I remember the exact room I was in the first time I realised that, for me, programming was about more than just solving problems. It was shortly before graduating from University, and I was sat in a meeting room in the Imagination Technologies office in Leeds. My soon-to-be-boss asked me:

“If you weren’t a programmer, what other job would you do?”

No one had ever asked me that before. And I don’t think I’ve ever been asked since. But thinking about it for all of 10 seconds, I realised that I wanted to create things, no matter what job I had.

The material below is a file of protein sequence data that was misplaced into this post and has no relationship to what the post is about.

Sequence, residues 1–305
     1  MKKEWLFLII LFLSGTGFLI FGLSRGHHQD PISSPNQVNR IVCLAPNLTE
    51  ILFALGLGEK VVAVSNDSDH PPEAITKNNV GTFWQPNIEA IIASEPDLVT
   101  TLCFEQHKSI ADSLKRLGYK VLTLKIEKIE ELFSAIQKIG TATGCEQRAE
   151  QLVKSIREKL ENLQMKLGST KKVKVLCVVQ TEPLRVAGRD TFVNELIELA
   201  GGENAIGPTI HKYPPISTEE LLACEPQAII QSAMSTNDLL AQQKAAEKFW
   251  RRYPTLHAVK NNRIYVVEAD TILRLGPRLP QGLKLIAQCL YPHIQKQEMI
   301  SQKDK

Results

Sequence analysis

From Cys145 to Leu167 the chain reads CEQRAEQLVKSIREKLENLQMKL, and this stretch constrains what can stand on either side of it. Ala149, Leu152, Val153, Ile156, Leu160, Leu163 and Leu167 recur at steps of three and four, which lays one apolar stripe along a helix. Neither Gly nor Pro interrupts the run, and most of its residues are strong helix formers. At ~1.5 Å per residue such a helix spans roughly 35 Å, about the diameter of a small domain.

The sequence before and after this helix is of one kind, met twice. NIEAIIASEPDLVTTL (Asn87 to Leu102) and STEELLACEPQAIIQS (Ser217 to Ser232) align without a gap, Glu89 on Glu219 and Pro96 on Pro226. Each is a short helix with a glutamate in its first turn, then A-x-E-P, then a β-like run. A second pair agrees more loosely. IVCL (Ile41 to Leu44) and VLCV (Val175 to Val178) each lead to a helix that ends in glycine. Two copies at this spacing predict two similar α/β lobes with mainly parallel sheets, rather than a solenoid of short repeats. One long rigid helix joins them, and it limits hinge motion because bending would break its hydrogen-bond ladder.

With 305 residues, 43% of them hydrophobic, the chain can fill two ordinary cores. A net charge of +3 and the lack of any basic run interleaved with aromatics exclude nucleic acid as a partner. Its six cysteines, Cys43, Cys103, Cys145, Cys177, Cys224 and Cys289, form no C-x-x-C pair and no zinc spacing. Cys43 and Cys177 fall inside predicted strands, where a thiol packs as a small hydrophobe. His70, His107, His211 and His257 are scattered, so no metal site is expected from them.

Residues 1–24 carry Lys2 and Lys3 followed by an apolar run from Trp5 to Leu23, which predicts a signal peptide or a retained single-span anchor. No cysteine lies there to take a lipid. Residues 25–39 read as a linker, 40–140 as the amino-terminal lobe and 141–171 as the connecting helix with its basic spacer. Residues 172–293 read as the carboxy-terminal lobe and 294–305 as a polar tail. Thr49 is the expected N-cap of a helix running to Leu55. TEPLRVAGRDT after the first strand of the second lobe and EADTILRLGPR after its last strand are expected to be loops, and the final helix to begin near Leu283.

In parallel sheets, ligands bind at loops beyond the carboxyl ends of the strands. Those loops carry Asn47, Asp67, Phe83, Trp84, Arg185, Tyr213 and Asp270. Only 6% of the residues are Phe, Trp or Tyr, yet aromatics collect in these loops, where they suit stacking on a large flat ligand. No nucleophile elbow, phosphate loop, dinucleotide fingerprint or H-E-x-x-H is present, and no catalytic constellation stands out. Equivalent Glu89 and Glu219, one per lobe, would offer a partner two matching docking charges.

It’s taken me a long time to accept that it’s OK to want to build things with software that doesn’t simultaneously solve a problem. It’s OK to write code for the sake of it.

Because, personally, writing code feels a lot like practicing a craft. Yes, you get better the more you do it. But it also fulfills a deep-seated desire to bring something into the world that didn’t exist before. Not that I’m saying no one’s ever written a boot loader before, but no one’s ever written a boot loader that way I wrote mine.

Viewed this way, side projects take on a whole new purpose. They’re a great way to exercise your creativity. You need side projects, not necessarily to learn new skills, but to use the ones you already have.

Writing code isn’t just about solving problems. It’s also good for the soul.